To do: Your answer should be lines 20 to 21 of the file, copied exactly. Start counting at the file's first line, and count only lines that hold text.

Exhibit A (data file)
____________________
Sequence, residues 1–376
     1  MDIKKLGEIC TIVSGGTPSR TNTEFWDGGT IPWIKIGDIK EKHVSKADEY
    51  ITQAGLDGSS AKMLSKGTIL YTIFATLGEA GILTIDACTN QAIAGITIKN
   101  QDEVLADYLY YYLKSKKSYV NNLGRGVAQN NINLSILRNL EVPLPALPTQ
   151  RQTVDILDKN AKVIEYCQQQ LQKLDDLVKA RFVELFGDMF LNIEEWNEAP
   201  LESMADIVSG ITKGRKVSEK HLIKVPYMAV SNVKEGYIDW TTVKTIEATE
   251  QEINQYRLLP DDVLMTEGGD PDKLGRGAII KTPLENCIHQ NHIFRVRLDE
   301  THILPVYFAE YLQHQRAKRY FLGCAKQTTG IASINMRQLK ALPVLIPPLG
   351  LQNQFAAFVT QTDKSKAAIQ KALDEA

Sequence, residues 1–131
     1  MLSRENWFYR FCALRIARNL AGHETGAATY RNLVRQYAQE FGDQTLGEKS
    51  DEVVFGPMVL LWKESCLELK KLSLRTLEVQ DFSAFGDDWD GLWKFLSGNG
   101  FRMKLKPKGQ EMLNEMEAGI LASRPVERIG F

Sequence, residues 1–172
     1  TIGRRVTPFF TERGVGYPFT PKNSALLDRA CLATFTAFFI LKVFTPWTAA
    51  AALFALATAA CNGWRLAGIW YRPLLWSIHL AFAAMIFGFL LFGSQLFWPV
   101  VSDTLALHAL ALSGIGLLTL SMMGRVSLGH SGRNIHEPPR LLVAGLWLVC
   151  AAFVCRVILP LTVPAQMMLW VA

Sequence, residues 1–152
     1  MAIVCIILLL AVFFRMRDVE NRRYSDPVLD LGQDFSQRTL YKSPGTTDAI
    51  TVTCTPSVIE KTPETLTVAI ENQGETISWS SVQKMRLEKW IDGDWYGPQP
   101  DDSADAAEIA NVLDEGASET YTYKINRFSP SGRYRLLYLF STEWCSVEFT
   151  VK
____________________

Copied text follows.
     1  MAIVCIILLL AVFFRMRDVE NRRYSDPVLD LGQDFSQRTL YKSPGTTDAI
    51  TVTCTPSVIE KTPETLTVAI ENQGETISWS SVQKMRLEKW IDGDWYGPQP